Non-invasive brain stimulation in the psychotherapy of anxiety disorders (Pan_VR)
With a lifetime prevalence of more than 15% (Jacobi et al., 2014), anxiety disorders are a very common mental disorder, occurring even more frequently than affective, and the associated burden expressed in "Disability adjusted life years" (dalys) is the second highest rate after depressive disorders (Whiteford et al., 2013). In general, patients with anxiety disorders show a high level of psychological distress and impairment of daily functioning (Whiteford et al., 2013). Effective therapy is of particular relevance for reducing anxiety symptoms and improving the quality of life.
With the help of cognitive behavioral therapy (CBT) for anxiety disorders, great progress can already be made (Carpenter et al., 2018), but not all patients benefit sufficiently. Non-invasive brain stimulation methods are increasingly considered (Bajbouj and Padberg, 2014, Zwanzger et al., 2016) and described as an effective new method (Herrmann et al., 2019) for optimizing psychotherapy and psychopharmacotherapy for anxiety disorders.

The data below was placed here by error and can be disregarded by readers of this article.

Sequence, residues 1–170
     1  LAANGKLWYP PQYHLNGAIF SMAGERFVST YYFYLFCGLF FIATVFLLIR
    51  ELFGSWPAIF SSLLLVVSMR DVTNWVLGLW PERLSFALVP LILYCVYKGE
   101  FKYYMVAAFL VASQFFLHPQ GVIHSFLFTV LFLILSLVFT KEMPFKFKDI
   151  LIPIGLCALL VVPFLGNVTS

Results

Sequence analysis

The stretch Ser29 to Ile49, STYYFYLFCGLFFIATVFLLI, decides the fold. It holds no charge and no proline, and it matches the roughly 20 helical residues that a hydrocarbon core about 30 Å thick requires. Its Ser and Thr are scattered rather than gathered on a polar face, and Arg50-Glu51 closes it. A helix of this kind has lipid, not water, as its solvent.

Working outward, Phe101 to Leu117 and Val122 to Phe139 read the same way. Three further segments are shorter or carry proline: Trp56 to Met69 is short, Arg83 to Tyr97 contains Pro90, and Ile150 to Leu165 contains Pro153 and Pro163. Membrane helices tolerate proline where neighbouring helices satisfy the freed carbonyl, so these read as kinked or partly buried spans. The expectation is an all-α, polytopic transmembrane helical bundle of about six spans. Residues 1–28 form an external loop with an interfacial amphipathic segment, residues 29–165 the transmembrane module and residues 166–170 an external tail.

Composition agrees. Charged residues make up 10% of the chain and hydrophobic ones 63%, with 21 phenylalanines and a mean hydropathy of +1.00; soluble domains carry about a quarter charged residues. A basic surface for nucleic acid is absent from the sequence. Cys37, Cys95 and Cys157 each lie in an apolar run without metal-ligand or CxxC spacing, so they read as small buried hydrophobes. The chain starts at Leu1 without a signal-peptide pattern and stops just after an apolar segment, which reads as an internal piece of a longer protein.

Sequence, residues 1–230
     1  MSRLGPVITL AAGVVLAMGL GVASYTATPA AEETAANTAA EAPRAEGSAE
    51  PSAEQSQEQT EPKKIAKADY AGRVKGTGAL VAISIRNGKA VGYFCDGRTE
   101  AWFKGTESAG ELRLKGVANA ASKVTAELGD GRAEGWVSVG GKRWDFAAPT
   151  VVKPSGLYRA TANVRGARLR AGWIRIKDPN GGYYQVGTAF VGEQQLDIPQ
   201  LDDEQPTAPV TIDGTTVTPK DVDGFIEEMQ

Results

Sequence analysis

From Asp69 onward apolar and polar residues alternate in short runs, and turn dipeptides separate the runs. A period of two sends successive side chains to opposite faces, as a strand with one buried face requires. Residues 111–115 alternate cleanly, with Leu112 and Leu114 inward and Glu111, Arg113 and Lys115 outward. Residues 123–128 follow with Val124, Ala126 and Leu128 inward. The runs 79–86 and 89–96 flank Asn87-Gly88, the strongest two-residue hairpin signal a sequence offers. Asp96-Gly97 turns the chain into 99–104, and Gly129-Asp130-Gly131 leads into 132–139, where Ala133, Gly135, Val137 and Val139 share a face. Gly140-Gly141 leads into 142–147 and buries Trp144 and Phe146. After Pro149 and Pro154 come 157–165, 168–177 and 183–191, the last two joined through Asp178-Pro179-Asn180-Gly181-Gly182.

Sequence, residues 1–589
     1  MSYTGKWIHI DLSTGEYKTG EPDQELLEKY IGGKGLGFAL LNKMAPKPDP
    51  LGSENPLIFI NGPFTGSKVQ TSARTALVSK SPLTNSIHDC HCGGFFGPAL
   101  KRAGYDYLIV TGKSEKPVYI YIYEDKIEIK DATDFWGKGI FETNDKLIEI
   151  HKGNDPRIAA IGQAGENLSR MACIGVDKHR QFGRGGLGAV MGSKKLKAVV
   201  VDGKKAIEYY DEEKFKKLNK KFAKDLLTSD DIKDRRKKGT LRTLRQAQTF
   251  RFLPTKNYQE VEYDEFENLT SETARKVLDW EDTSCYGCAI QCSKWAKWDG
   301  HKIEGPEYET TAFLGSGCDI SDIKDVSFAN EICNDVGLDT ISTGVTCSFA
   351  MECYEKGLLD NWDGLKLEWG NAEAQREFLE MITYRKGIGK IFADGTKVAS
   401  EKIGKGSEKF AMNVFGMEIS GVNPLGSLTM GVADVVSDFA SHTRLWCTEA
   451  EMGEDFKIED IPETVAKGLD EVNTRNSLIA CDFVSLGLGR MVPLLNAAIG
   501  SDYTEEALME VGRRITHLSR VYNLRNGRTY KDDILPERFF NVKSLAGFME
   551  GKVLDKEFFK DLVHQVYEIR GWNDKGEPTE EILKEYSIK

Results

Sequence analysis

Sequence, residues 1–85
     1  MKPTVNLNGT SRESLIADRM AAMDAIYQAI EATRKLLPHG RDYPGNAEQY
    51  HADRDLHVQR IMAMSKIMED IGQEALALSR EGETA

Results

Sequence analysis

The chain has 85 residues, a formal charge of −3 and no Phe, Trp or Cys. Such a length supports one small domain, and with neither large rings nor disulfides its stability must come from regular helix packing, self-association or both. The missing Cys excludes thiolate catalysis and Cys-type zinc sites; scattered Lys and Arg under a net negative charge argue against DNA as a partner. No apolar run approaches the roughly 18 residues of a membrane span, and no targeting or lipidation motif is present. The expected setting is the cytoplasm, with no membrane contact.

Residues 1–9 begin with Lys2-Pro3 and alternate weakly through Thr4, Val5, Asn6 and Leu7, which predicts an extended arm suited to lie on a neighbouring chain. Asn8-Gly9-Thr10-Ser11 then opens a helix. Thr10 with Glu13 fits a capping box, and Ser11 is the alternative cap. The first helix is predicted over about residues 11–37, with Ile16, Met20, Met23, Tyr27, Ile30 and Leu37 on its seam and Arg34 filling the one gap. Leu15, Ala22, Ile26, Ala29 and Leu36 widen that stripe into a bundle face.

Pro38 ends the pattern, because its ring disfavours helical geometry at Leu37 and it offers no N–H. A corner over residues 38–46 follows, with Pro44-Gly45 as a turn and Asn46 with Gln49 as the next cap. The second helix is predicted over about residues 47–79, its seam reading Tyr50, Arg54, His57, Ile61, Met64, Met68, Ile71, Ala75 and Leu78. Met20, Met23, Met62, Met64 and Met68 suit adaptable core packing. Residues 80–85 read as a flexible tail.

Aims and goals
Based on our own previous work (Herrmann et al., 2017) the aim of the applied feasibility study is to transfer the new and promising laboratory results of Raij et al. (2018) into a therapy study. As the vmPFC cannot be reached directly with non-invasive brain stimulation due to its location Raij et al (2018) activated the vmPFC indirectly by stimulating the left PFC, which is functionally linked to vmPFC. They revealed with a fear learning paradigm that this left PFC brain stimulation improves extinction of fear and reduces return of fear.
In this project we will examine with a placebo-controlled double-blind design for the first time whether an activation of the left PFC induced by rTMS and thus indirectly of the coupled vmPFC significantly improves a subsequent exposure therapy for specific phobia All study patients will receive two exposure treatments in virtual reality. A five-sided Cave Automatic Virtual Environment (psyCAVE) is available for this purpose, which visually displays the virtual environment on four walls and the floor. The primary parameter for the evaluation of treatment efficacy is the psychometric assessment of acrophobic fear (AQ questionnaire), with the hypothesis that the verum-stimulated group compared to the placebo-stimulated group exhibits a greater decrease of symptoms immediately after therapy. The secondary outcome parameters are the approach behaviour (BAT) immediately after therapy and the changes in both acrophobic fear and approach behaviour at 6 months follow-up.